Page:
Brig: This is a specialized holding cell for prisoners. It has two bunks, a single-person toilet room, a little space to move around in, and security measures, such as secure locks or a force-field generator barring the door.

Bunks, Communal: These are four bunks stacked two high with moving space between each set. The room also features a single toilet room, a shower, and some storage room for personal effects.

Coldsleep Module: Coldsleep modules are self-contained, self-powered, computer-regulated “sleeper-coffins,” which keep the occupant standing in a state of suspended animation for long journeys (thereby requiring less life-support costs). A cold-coffin can usually operate for 25 years after the ship’s power is shut down. The beds provide nutrients (at a reduced rate) directly into the sleeper’s system. Adding a battery to the system (see Power Plant) can increase the amount of time the cold-coffin sustains its occupant by 25 years for each energy unit devoted to the coldsleep module.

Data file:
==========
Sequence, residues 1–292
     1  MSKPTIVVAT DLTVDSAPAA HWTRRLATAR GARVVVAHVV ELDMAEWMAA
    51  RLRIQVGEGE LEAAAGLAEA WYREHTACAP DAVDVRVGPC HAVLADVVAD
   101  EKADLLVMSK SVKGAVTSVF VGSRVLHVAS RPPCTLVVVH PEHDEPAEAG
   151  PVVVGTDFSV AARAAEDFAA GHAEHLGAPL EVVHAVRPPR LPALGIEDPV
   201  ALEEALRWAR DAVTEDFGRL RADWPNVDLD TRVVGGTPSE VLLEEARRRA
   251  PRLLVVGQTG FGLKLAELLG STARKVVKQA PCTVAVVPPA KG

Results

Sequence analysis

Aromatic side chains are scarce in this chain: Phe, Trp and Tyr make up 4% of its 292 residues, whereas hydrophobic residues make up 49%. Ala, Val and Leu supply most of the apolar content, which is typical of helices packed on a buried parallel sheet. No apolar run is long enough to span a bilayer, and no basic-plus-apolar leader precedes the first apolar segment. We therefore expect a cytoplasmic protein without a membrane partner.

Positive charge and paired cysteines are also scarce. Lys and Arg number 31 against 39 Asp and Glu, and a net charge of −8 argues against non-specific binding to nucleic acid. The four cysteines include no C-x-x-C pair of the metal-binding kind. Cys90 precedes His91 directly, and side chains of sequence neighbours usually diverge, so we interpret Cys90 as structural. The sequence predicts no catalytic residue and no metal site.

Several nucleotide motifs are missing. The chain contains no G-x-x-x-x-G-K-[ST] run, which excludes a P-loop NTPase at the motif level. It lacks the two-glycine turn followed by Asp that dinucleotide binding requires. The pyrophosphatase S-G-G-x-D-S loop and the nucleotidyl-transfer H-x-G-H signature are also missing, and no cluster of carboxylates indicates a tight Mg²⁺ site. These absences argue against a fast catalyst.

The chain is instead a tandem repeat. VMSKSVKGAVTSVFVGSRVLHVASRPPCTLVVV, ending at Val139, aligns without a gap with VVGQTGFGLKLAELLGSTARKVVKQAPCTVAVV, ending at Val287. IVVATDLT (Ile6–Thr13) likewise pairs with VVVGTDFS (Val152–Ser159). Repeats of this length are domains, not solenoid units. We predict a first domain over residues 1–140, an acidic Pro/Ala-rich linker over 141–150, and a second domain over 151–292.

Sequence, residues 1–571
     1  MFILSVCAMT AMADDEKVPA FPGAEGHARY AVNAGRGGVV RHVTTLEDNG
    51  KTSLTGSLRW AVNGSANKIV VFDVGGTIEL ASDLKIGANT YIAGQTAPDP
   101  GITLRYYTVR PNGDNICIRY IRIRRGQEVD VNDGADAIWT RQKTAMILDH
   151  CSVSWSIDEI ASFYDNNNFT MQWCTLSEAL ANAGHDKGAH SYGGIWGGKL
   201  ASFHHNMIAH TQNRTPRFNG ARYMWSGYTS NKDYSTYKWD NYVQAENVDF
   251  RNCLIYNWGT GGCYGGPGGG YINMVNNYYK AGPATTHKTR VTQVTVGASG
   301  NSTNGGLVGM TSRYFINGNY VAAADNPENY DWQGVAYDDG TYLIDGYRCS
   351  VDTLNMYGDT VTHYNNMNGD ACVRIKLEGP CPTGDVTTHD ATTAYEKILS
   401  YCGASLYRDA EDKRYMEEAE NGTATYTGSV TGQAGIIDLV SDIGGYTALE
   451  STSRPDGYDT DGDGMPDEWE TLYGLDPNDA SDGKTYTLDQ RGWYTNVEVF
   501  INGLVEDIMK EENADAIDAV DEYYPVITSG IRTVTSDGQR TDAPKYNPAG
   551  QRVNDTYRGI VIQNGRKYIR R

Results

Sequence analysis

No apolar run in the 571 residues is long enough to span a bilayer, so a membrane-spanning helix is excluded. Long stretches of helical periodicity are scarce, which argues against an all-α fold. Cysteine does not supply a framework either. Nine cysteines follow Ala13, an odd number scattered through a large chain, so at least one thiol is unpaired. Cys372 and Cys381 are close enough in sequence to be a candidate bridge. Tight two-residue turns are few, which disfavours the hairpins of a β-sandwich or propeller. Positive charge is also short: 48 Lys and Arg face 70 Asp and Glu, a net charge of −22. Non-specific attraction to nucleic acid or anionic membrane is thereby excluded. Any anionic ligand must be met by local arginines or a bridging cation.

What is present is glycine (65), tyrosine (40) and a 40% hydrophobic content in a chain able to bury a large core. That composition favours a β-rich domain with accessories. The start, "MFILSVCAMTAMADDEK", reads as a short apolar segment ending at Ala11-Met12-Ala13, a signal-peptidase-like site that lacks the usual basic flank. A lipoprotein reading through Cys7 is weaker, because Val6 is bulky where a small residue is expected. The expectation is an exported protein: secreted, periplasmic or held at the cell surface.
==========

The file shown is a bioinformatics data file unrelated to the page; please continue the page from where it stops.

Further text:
Hallway: Purchased in one-meter-square increments, some ships use hallways to separate various rooms and allow their occupants or users privacy from others moving about the ship. This modules also represents elevators (or lifts), service corridors and tubes, and spare storage. A decent estimate of needed hallway space for wide corridors is four to six area units for every life-supporting and cargo room the ship has. (This is regardless of the number of modules used to make up the room.) Halve this if you want narrow passageways.
As long as the number of area units of hallway is less than the number of area units in other modules on the ship, the hallway has a value of zero people when determining the amount of breathable atmosphere needed. Otherwise, it has a value of one person per area unit.